BP begins final countdown to ‘static kill’; well could be sealed by Wednesday
BP prepared Tuesday to plug the worst oil leak in history, although the Gulf of Mexico region will be counting the environmental and economic costs for years, perhaps decades, to come.
Already delayed by a week due to Tropical Storm Bonnie, the long-awaited “static kill” was put off again at the last-minute when a leak was discovered on Monday in the cap that has been sealing the runaway well since July 15.
US spill chief Thad Allen said the leak had been stopped overnight and that the operation to ram in heavy drilling fluids, known as mud, would commence as soon as “injectivity tests” had given the procedure the all-clear.
“We have pump rates and we have pressure. That will then provide the basis for a decision to proceed to the static kill later on today,” Allen said.
The hope is that injections of mud through the blowout preventer valve on top of the well will force the oil back down the reservoir, allowing concrete to be pumped in to seal it once and for all.
BP’s now notorious Macondo well could be permanently out of action by Wednesday, although a “bottom kill” will be performed through a relief well mid-August to cement in the outer well bore and make sure of success.
The extent of the spill was confirmed on Monday as US government experts announced the rate the oil had been pouring out was 62,000 barrels a day — more than 12 times faster than BP originally admitted.
This was higher than any previous official estimate and meant 4.9 million barrels of crude — more than 205 million gallons — had spewed into the Gulf in the 87 days it took to cap it, making it the biggest accident spill ever.
If BP is found guilty of negligence, the flow rate means it could face up to 17.6 billion dollars in fines. The firm has also set up a 20 billion dollar fund to pay claims from individuals and businesses hit by the disaster.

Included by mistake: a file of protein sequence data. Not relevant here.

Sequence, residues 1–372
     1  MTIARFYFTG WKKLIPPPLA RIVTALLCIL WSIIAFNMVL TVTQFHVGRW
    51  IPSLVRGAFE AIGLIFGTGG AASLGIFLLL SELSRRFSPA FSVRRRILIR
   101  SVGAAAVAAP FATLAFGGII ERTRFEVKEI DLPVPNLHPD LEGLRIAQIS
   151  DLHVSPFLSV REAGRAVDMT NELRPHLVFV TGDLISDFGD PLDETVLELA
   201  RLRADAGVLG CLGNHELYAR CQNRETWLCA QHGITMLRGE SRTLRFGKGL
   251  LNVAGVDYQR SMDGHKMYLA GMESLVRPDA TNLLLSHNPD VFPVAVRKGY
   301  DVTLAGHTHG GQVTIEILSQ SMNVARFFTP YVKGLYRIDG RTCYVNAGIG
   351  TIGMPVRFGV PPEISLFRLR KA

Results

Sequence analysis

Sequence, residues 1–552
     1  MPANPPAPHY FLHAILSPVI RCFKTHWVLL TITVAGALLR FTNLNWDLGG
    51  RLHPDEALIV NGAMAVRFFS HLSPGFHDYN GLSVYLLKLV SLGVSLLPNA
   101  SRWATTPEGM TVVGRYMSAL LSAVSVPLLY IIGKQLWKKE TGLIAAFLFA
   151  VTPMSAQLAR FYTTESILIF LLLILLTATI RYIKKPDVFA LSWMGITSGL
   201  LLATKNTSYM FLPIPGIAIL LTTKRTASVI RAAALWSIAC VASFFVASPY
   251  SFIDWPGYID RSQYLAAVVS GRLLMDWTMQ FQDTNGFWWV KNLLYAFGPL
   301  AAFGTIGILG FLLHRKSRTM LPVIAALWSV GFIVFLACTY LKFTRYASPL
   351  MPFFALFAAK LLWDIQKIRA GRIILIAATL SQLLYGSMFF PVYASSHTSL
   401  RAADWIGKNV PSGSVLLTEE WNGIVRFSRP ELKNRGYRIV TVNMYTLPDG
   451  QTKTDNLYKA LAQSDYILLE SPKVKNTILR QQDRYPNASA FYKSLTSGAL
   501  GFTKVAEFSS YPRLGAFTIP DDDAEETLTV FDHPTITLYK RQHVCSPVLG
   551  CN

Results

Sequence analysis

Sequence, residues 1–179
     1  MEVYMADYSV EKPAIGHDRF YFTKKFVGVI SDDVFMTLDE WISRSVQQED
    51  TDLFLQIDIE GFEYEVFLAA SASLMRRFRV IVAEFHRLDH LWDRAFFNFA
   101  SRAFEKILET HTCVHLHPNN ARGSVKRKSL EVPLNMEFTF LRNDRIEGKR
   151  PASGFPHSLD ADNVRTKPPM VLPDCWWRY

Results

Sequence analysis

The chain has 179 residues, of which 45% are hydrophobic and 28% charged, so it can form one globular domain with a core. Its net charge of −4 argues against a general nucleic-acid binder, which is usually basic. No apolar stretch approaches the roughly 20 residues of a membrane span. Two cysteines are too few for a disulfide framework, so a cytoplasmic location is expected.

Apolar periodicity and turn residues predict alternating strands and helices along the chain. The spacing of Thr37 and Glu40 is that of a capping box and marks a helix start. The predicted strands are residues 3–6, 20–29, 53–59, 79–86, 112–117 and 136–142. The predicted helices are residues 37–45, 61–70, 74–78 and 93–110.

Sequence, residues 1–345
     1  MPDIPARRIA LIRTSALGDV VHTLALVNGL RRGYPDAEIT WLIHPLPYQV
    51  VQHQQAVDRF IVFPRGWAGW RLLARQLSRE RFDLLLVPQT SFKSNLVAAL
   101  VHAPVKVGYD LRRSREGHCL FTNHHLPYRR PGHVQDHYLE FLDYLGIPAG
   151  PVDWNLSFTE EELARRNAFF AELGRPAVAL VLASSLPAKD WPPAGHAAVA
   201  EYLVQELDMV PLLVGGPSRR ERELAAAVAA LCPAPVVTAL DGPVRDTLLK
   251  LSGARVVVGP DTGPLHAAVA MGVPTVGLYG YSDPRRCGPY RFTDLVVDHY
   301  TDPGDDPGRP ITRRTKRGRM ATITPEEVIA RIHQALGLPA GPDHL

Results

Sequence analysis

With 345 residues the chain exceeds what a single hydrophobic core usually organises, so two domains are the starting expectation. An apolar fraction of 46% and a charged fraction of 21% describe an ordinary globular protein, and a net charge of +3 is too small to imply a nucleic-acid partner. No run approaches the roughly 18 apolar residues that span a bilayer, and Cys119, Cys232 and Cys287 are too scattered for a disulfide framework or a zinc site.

Shutting the well will bring some relief to coastal residents who have faced uncertainty and frustration in equal measure since the BP-leased Deepwater Horizon rig exploded in April and sank to the bottom of the Gulf.
But the full extent of the economic costs and environmental harm will not be clearly known for some time and a study Tuesday showed the impact is already starting to tell.
Of 1,200 coastal Gulf coast residents surveyed by researchers at the National Center for Disaster Preparedness (NCDP) at Columbia University last month, 40 percent said they had been directly exposed to the spill, a third said it had affected their kids, and 20 percent said it had hit their wallets.
Parents reported that their children had developed mental, behavioral or physical problems — everything from respiratory problems and rashes to feelings of sadness or nervousness, difficulty socializing with other children, or trouble getting to sleep.
One in five residents told the Columbia researchers that their household income had fallen, with poor residents — those who earned less than 25,000 dollars a year — feeling the pinch more than the better-off.
While there is hope that Louisiana’s marshes and fragile wetlands may recover relatively quickly, this is a spill of unprecedented size at an unprecedented depth and no one knows the real impact on the Gulf food chain.
Fishermen, who don’t know when they will be able to fish again, if the fish will still be there, or if they will be safe to eat, are likely to lose their BP clean-up jobs in the coming weeks as the surface oil is all mopped up.
Oil workers face lay-offs due to President Barack Obama’s moratorium on new deep sea drilling permits, and tourists are likely to give the coastal region a miss for several years to come.
BP, which replaced its under fire British chief executive Tony Hayward last week with American Bob Dudley, also faces a rocky road to recovery and has already agreed to sell off key assets.
The company last week posted a quarterly loss of 16.9 billion dollars and set aside 32.2 billion dollars to pay spill costs.